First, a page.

PicoGreen assay was performed using the Quant-iT PicoGreen assay kit (Invitrogen Ltd., Paisley, UK) at 1, 4, and 7 day after seeding cells on the discs. Cells were washed with PBS and lysed using TE buffer (10 mM Tris-HCl, 1 mM EDTA, pH 7.5). The DNA contents were determined by mixing 100 μL of PicoGreen reagent and 100 μL of DNA sample. Samples were loaded in triplicate and florescence intensity was measured on a GloMax-Multi Detection System machine (Promega, Madison, WI, USA). Florescence intensity was converted into DNA concentration with the DNA standard curve per the manufacturer’s instructions. Values are represented mean ± SD of three independent measurements.
3.6. Reverse-Transcription PCR and Quantitative Real-Time PCR
Cells were harvested at 3, 7, and 10 day of osteoblast differentiation and RNA was isolated using QIAzol lysis reagent (QIAGEN, Valencia, CA, USA). The Primescript RT reagent kit for reverse transcription was purchased from TAKARA (Takara Bio, Shiga, Japan). Quantitative real-time PCR was performed with the primer sets for the type I collagen gene, alkaline phosphatase (Alp), and osteocalcin (Oc) as previously described . Quantitative real-time PCR was performed using Takara SYBR premix Ex Taq (Takara Bio, Shiga, Japan) on Applied Biosystems 7500 Real Time PCR system (Foster City, CA, USA). PCR primers were synthesized by Integrated DNA technology (IDT; Coralville, IA, USA). All samples were run in duplicate, and the relative levels of mRNA were normalized to those of glyceraldehyde-3-phosphate dehydrogenase (Gapdh).
3.7. Statistical Analysis
All quantitative data are presented as the mean ± SD, each experiment was performed at least three times, and the results from one representative experiment are shown. Significant differences were analyzed using ANOVA-test. A value of p < 0.05 was considered statistically significant.
This in vitro study demonstrates that the osteogenic response of cells grown on (Y, Nb)-TZP and (Y, Ta)-TZP substrates is comparable to that observed on titanium, which is widely used in dental implant materials. By compensating the LTD weakness using stabilizers such as niobium oxide (Nb2O5) or tantalum oxide (Ta2O5), zirconia is therefore a viable substitute for titanium in terms of both structural stability and biocompatibility. Future studies are now required to determine the in vivo efficacy of zirconia implants with respect to osseointegration.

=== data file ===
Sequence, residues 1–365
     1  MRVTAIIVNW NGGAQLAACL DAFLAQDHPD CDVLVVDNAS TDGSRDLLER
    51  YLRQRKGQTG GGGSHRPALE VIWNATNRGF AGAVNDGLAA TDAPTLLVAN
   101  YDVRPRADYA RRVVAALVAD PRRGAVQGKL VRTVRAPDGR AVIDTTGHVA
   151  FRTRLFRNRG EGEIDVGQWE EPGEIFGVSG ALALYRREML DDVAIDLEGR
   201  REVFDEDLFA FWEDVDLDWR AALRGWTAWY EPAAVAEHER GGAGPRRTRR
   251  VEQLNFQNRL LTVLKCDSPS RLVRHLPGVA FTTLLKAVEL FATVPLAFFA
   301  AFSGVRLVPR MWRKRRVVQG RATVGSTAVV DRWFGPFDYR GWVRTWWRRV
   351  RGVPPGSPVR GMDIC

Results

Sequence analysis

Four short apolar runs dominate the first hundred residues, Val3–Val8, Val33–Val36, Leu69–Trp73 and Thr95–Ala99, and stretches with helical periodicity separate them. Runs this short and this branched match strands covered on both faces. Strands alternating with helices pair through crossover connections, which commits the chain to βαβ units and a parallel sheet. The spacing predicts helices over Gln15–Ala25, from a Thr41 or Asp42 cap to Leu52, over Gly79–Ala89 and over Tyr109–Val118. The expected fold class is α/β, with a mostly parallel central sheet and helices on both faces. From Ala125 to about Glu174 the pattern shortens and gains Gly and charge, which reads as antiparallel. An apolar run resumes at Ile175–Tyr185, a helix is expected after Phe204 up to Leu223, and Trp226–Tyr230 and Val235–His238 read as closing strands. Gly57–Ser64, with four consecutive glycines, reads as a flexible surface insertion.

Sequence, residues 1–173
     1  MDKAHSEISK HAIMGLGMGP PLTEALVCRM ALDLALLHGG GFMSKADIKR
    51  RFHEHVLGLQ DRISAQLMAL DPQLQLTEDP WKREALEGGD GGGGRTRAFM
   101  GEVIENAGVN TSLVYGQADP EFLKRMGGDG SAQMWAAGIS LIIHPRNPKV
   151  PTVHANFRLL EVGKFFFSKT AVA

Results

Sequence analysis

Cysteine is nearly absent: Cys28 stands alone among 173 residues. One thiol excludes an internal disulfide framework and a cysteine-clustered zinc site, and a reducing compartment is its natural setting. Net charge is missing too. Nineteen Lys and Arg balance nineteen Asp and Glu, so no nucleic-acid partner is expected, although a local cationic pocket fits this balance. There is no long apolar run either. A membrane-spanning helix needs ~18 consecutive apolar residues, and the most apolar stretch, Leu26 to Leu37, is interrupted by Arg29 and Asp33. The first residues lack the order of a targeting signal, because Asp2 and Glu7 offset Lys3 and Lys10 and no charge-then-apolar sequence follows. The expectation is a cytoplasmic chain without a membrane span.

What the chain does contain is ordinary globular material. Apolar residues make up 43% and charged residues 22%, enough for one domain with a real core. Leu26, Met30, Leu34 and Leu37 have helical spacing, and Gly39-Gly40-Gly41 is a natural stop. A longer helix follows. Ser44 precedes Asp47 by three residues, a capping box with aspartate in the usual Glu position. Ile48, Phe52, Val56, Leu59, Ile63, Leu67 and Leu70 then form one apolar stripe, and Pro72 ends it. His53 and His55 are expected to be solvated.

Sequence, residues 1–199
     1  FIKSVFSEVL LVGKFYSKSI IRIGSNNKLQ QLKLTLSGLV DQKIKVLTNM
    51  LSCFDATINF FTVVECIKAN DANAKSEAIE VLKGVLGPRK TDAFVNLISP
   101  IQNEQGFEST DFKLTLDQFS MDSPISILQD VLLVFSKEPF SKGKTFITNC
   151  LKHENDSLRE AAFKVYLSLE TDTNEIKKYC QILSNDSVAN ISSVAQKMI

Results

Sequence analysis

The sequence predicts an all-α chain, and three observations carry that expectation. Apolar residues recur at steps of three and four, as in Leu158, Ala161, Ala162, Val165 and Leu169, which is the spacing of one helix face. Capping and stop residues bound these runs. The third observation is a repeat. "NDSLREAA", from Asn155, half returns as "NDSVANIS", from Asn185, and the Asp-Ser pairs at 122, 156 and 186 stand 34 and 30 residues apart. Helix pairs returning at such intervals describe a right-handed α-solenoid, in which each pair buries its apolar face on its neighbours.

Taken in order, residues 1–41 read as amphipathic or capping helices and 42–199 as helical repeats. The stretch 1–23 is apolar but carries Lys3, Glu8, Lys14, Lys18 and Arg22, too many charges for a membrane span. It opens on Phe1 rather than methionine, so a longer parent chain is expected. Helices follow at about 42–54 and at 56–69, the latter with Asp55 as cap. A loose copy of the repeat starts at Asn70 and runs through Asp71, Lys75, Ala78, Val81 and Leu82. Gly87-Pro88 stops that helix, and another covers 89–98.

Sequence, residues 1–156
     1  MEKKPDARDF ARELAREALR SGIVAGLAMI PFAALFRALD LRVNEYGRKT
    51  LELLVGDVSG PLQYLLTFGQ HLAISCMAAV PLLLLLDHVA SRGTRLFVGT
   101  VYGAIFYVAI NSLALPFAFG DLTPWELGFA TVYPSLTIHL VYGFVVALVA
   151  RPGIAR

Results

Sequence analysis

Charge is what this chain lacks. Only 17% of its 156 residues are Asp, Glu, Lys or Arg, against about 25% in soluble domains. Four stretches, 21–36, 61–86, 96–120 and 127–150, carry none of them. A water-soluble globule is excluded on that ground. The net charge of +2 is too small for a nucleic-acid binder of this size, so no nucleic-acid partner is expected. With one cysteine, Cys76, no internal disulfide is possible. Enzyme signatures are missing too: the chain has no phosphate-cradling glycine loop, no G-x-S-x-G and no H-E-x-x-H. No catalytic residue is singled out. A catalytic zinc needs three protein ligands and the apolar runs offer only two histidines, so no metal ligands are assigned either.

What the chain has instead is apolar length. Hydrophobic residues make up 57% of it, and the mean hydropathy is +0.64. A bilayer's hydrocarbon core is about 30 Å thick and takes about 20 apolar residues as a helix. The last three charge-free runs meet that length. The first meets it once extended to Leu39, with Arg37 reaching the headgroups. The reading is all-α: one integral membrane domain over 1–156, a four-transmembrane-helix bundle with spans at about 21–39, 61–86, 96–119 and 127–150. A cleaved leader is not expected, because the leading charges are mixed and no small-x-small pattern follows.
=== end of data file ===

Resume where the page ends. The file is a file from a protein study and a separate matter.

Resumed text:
This work was supported by the Technology Innovation Program (10043164) funded by the Ministry of Trade, industry & Energy (MI, Seoul, Korea) & the National Research Foundation of Korea (NRF) grant funded by the Korea government (MEST) (2011-0024170).
Conflicts of Interest
The authors declare no conflict of interest.
- Adell, R.; Lekholm, U.; Rockler, B.; Branemark, P.I. A 15-year study of osseointegrated implants in the treatment of the edentulous jaw. Int. J. Oral Surg. 1981, 10, 387–416. [Google Scholar]
- Adell, R.; Eriksson, B.; Lekholm, U.; Branemark, P.I.; Jemt, T. Long-term follow-up study of osseointegrated implants in the treatment of totally edentulous jaws. Int. J. Oral Maxillofac. Implant. 1990, 5, 347–359. [Google Scholar]
- De Maeztu, M.A.; Braceras, I.; Alava, J.I.; Gay-Escoda, C. Improvement of osseointegration of titanium dental implant surfaces modified with co ions: A comparative histomorphometric study in beagle dogs. Int. J. Oral Maxillofac. Surg. 2008, 37, 441–447. [Google Scholar]
- Hsu, S.H.; Liu, B.S.; Lin, W.H.; Chiang, H.C.; Huang, S.C.; Cheng, S.S. Characterization and biocompatibility of a titanium dental implant with a laser irradiated and dual-acid etched surface. Bio-Med. Mater. Eng. 2007, 17, 53–68. [Google Scholar]
- Knabe, C.; Howlett, C.R.; Klar, F.; Zreiqat, H. The effect of different titanium and hydroxyapatite-coated dental implant surfaces on phenotypic expression of human bone-derived cells. J. Biomed. Mater. Res. Part A 2004, 71, 98–107. [Google Scholar]
- Knabe, C.; Klar, F.; Fitzner, R.; Radlanski, R.J.; Gross, U. In vitro investigation of titanium and hydroxyapatite dental implant surfaces using a rat bone marrow stromal cell culture system. Biomaterials 2002, 23, 3235–3245. [Google Scholar]
- Le Guehennec, L.; Soueidan, A.; Layrolle, P.; Amouriq, Y. Surface treatments of titanium dental implants for rapid osseointegration. Dent. Mater. 2007, 23, 844–854. [Google Scholar]
- Mistry, S.; Kundu, D.; Datta, S.; Basu, D. Comparison of bioactive glass coated and hydroxyapatite coated titanium dental implants in the human jaw bone. Aust. Dent. J. 2011, 56, 68–75. [Google Scholar]
- Kanematu, N.; Shibata, K.I.; Kurenuma, S.; Watanabe, K.; Yamagami, A.; Nishio, Y.; Fujii, T. Cytotoxicity of oxide anodized titanium alloy evaluated by cell and organic culture study. Gifu Shika Gakkai Zasshi 1990, 17, 583–591. [Google Scholar]
- Cunha, C.; Sprio, S.; Panseri, S.; Dapporto, M.; Marcacci, M.; Tampieri, A. High biocompatibility and improved osteogenic potential of novel ca-p/titania composite scaffolds designed for regeneration of load-bearing segmental bone defects. J. Biomed. Mater. Res. Part A 2013, 101, 1612–1619. [Google Scholar]